A charity has called for “a centralised system of inspectors” to monitor an estimated 430 big cats kept in Britain’s zoos after a zookeeper was killed when a tiger entered the enclosure she was in.
Chris Draper, from the Born Free Foundation, described Rosa King’s death at Hamerton Zoo Park in Huntingdon, Cambridgeshire as a “terrible tragedy”.
He also spoke of a “sense of horrible deja vu” after 24-year-old Sarah McClay was killed by a tiger at South Lakes Wild Animal Park near Dalton-in-Furness in May 2013.
Mr Draper, the charity’s associate director for animal welfare and care, said around 44 British zoos keep one or more big cats, including tigers, lions, leopards, jaguars, pumas and cheetahs.
From data gathered by Born Free he estimated there could be as many as 430 big cats, including around 100 tigers, currently kept in zoos across the country.
A Press Association Freedom of Information request to local councils last year revealed that two lions, 13 tigers, eight leopards, nine pumas and seven cheetahs are among the dangerous animals licensed to be kept at private addresses across Britain.
But Mr Draper explained there is no centralised database, nor any centralised lists of species or individual animals.
“Some of the large zoos do share information, but the so-called little zoos, not that little in some cases, but the ones that are not members of a zoo association, they tend to just do things their own way and they’re allowed to,” he said.
“The information isn’t shared properly, so it’s a bit of an unknown quantity out there, which is why we have been doing what we do to try and keep tabs on things.”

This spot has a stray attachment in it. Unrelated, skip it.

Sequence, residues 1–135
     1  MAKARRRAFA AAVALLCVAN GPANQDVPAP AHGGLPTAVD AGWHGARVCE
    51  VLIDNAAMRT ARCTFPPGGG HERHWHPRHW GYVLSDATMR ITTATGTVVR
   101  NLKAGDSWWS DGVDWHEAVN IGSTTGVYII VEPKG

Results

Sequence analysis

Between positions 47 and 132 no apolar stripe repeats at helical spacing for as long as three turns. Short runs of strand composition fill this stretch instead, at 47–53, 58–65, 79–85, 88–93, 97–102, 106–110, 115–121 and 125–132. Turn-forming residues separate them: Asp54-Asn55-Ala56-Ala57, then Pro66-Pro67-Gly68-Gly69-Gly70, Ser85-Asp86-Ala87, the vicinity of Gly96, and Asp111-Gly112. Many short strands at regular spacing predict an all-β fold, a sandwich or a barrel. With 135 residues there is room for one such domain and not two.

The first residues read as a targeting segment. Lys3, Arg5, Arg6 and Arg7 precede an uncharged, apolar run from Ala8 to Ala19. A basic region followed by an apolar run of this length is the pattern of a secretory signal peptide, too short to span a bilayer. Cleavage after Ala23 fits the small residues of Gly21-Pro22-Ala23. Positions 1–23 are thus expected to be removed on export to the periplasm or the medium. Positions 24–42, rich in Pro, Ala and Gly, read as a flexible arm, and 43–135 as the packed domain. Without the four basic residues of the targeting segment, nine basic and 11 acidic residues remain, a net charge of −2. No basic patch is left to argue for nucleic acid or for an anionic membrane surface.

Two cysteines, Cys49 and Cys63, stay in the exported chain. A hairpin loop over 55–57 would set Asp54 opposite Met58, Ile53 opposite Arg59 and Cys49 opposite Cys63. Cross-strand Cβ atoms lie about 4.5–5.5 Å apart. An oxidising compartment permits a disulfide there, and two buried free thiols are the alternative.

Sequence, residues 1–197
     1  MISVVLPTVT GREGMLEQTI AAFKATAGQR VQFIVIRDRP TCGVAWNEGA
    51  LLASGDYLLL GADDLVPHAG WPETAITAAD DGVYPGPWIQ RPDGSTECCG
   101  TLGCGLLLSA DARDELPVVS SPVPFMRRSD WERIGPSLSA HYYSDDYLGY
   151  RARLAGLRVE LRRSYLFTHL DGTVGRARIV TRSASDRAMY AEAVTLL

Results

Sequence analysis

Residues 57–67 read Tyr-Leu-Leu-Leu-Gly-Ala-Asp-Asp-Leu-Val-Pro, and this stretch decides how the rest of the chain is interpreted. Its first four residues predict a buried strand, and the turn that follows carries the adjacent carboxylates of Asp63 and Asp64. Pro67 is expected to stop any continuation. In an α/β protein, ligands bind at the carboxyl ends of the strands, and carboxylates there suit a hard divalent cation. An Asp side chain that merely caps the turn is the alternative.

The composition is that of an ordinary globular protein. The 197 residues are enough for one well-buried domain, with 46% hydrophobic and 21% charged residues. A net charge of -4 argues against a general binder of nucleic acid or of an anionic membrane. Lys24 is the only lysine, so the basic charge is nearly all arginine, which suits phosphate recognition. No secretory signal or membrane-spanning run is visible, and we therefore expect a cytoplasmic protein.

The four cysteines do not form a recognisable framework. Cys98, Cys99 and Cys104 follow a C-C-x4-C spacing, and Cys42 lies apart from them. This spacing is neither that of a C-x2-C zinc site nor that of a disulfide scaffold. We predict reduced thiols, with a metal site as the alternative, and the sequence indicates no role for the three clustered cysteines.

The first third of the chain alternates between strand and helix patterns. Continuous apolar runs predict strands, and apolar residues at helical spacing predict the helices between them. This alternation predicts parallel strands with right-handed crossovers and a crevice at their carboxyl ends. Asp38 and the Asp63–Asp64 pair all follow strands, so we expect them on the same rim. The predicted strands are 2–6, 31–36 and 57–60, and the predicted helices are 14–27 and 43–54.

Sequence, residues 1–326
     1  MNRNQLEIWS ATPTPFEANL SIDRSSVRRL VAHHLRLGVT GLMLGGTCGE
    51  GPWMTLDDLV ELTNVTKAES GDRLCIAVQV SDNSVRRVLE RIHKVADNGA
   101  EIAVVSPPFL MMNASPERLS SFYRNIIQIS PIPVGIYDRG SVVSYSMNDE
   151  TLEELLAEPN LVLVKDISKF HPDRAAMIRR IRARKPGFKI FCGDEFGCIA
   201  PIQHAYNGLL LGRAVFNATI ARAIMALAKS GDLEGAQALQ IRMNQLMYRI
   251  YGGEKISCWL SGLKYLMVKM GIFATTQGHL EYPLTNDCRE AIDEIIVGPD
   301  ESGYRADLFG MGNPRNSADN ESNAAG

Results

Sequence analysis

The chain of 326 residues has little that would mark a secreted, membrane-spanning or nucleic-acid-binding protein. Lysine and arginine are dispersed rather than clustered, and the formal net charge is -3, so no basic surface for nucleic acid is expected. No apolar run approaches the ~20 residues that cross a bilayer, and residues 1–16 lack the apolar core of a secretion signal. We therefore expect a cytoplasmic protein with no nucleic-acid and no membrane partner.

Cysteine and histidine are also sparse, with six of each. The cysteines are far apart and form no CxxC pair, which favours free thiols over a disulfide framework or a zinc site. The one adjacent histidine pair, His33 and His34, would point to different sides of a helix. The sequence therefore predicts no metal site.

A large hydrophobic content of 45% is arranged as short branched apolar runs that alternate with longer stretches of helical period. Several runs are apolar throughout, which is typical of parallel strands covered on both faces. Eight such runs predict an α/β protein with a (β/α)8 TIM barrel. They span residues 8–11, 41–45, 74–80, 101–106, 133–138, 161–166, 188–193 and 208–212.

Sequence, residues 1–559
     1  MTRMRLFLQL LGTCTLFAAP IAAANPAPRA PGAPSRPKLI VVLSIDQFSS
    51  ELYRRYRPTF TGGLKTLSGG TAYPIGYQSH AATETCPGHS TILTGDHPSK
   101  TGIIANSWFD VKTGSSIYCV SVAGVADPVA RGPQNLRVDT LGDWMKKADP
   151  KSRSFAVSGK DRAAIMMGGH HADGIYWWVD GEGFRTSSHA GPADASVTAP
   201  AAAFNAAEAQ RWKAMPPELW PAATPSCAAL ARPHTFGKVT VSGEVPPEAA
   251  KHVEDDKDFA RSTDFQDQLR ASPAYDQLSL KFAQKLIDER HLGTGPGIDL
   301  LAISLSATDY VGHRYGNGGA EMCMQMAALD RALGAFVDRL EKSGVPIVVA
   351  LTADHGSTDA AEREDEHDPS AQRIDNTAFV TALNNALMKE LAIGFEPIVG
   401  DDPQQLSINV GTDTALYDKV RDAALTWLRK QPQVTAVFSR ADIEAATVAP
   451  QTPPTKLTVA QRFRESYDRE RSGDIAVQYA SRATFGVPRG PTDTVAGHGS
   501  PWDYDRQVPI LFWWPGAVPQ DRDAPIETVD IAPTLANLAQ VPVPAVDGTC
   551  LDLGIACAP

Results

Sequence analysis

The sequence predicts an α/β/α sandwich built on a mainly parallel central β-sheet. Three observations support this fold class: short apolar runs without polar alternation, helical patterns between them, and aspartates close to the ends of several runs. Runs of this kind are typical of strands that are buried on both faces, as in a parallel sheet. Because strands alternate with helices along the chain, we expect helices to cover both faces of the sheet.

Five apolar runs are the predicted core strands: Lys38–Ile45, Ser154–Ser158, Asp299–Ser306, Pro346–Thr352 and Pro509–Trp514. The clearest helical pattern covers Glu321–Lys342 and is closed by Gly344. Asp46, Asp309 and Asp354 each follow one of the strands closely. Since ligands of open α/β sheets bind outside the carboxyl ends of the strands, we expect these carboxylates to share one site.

Mr Draper said individual local authorities are responsible for licensing.
“That’s the real weakness in the system,” he continued.
“There needs to be an active centralised list and moreover there needs to be a full-time centralised system of inspectors.”
Speaking about Ms King’s death, Mr Draper said: “It’s obviously a real tragedy. I can’t help but feel, ‘oh no not again,’ because a very similar incident happened four years ago at South Lakes Safari Zoo. So a certain sense of horrible deja vu.”
He said it was too early to comment on the circumstances, but added: “It does seem like a tiger got into an enclosure while Rosa King was in there for whatever reason, and I’m sure the circumstances will come out eventually.
“Obviously something went wrong, a failure in the system, human error or whatever, and somebody’s dead and that’s terrible.”
A spokesperson for charity The Captive Animals’ Protection Society also likened Ms King’s death to the death of Ms McClay four years ago.
“Zookeeper Rosa King lost her life after a tiger entered an enclosure at Hamerton Zoo Park in Cambridgeshire.
“The circumstances leading to this tragic event are currently unclear. It is with great sadness that we extend our sympathies to her family and friends,” said the spokesperson.
“This story is yet another upsetting example of the dangers involved in keeping wild animals in captivity, both for the public and staff.”
Danny Bamping, the founder of the British Big Cats Society, which was set up to catalogue and protect big cats, also highlighted the risks of keeping such animals.
He said: “Obviously, keeping big cats like lions and tigers is very dangerous and occasionally incidents and accidents happen - mainly down to human error.
“Some smaller zoos have limited budgets and out-of-date facilities and hence every year all licences are renewed by local authorities after an inspection.”
Dr Sonya Hill, a lecturer in animal behaviour and welfare at the University of Chester, said: “My thoughts go to Ms King’s family, friends and colleagues at this terrible time.”
She explained the risks associated with keeping big cats in zoos can be minimised by having appropriately designed enclosures, fences and gatesas well as good standards of staff training.
“Within reason, zoos should also ensure their staff are trained and prepared to deal with ‘the worst’ scenarios, even though they should be taking every possible effort to prevent these situations arising in the first place,” Dr Hill said.
“I don’t think risks should be any greater in small parks just because they are small. Staff should still be trained to the necessary legal standards, and enclosures, fences, etc. should also still be up to required standards.”